Book Review: How I Made My First Million From Poker

My One Minute Recommendation: How I Made My First Million From Poker is all over the map. It’s a memoir, it’s a strategy book, it’s a poker lifestyle book. This jack of all trades is a master of none, though readers who can get past Tri Nguyen’s off-putting persona are likely to find enough helpful advice to warrant a modest sticker price of $47 for paperback or e-book. All in all it’s a 6/10.

Tri Nguyen’s How I Made My First Million From Poker is a catch-all advice book for professional poker players, covering everything from light poker strategy to choosing a coach to taking shots and dealing with variance. This makes it difficult to summarize or review, since it’s much stronger on some subjects than others. Unsurprisingly, it covers virtually none of these subjects in-depth, so while most readers will find an occasional gem, they’ll almost always be left wanting more.

Author Tri Nguyen draws almost entirely on his own experiences and those of a few students and close friends, which is one of the book’s biggest weaknesses. It speaks primarily to the young, multi-tabling, forum-browsing online poker set, and even as someone relatively close to the target audience, I found that alienating. Nguyen tends to take for granted that his readers are thoroughly immersed in the online poker world and versed in its jargon. He talks around complicated subjects like game theory and balance without ever explaining or defining them and sometimes acts as though earning at least a modest living from the game is trivially easy.

Even more of a turn-off are Nguyen’s repeated references to his own success. First Million is a very personal book, written in the first person and relating many stories from the author’s own career. Thus, it’s essential that the author’s persona be likeable, and Nguyen’s is not. He commits the autobiographical fallacy of assuming that anything that happened to him is interesting, and moreover many of his stories, like the title of his book, are thinly veiled brags.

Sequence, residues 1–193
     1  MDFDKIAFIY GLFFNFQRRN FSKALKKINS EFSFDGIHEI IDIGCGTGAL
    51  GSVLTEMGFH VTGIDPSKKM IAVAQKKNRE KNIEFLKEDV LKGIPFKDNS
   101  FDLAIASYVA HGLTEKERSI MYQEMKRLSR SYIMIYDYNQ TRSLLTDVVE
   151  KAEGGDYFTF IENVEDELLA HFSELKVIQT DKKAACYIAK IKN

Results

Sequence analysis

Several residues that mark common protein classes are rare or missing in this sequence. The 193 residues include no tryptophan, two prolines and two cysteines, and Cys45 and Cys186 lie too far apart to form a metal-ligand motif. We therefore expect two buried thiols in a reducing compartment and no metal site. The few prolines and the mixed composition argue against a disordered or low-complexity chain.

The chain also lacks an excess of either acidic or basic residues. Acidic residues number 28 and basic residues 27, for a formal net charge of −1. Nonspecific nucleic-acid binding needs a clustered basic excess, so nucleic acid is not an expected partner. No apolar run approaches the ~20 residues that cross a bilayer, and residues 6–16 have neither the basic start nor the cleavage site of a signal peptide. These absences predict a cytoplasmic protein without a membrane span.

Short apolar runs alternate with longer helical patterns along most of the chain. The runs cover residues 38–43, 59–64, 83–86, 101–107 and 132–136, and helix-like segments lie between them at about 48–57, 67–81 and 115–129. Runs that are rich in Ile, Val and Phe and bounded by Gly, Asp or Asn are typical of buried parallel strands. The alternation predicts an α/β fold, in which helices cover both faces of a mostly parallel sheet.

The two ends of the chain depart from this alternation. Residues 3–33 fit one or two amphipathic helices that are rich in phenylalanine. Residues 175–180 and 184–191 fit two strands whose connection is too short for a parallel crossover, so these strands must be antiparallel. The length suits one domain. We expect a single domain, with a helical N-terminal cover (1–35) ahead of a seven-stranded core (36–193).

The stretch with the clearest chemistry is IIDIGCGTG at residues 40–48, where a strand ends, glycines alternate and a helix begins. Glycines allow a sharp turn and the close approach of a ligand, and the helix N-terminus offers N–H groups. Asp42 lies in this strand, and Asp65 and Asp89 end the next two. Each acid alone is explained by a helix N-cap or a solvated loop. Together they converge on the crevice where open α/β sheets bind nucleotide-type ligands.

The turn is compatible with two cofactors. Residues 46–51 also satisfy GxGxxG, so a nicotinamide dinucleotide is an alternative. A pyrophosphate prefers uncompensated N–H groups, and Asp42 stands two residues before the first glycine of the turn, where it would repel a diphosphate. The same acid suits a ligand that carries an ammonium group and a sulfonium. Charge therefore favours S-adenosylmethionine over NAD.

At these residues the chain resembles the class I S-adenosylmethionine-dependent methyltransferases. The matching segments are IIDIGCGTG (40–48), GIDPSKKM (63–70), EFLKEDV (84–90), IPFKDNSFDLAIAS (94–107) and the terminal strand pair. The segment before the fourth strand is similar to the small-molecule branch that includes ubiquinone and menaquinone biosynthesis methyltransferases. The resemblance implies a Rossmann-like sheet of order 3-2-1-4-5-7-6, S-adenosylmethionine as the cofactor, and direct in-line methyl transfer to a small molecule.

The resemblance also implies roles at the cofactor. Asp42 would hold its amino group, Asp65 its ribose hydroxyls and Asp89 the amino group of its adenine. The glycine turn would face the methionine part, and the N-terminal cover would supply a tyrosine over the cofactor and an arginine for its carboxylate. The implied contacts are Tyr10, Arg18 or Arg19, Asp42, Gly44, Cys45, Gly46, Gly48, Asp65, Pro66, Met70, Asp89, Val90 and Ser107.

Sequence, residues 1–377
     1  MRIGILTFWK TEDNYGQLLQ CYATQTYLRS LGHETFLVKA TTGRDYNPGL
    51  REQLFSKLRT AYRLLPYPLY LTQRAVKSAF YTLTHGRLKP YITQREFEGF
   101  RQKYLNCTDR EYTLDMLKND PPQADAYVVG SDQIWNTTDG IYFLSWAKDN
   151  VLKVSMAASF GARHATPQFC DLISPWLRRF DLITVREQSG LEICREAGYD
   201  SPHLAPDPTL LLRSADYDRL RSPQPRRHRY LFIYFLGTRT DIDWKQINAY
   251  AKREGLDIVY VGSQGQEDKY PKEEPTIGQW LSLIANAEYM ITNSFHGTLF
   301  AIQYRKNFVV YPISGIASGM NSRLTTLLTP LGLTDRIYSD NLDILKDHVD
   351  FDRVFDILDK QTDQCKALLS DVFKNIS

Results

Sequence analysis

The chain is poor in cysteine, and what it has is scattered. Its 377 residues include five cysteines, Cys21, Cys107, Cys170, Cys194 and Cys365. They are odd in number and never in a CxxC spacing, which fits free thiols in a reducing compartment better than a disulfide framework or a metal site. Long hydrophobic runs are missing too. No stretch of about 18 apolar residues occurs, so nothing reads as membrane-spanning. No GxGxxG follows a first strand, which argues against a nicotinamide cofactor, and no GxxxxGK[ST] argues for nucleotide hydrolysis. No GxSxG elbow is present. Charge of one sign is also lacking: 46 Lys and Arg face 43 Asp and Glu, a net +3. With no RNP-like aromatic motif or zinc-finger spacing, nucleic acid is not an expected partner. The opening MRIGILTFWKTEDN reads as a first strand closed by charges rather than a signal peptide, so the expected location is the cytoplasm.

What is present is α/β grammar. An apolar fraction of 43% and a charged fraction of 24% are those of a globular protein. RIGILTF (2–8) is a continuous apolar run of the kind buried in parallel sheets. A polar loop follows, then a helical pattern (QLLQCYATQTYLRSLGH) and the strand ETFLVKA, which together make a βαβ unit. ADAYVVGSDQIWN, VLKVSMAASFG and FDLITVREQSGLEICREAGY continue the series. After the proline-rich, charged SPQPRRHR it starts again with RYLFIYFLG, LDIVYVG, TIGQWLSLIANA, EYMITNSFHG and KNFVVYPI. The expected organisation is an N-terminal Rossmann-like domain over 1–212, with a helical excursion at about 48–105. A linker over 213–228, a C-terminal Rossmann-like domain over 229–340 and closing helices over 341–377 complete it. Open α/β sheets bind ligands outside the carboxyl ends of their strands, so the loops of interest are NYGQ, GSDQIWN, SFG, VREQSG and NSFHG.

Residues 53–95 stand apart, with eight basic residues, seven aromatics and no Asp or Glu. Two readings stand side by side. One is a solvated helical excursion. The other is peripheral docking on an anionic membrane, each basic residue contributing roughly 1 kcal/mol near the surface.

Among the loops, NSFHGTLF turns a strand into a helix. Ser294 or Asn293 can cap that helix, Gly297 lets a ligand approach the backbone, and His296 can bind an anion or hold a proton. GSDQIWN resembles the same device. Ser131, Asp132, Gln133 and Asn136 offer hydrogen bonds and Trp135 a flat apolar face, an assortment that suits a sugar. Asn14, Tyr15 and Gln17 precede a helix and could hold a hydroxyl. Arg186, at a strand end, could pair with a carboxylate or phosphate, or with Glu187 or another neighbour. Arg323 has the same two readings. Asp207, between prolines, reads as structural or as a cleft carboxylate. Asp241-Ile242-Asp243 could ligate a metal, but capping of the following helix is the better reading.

Readers who can get past all of that, though, probably will benefit from Nguyen’s experience. He is, after all, a long-standing winner in high stakes NLHE and PLO cash games as well as (I assume) showing a solid profit in his many poker-related business ventures. He offers good advice about how to improve at poker, where to direct your study efforts, and how to make valuable connections with other players. The only failing here is that he doesn’t give these topics as much attention as they deserve- there’s no doubt that going about it the right way can fast-track your development as a player, and Nguyen has some great insights here that I haven’t seen expressed clearly anywhere else.

Personally I found his thoughts on other topics like relieving stress or choosing a coach cliched and self-evident. Then again these are areas where quite a few poker players make mistakes, so I guess they don’t always go without saying and some readers may find value here as well.

It would be hard for any poker professional to read How I Made My First Million From Poker without learning something valuable, though many will be halfway through the book before they find it. The only way to take nothing away from Nguyen’s book is to give up on it, which unfortunately the author’s persona will sorely tempt you to do.

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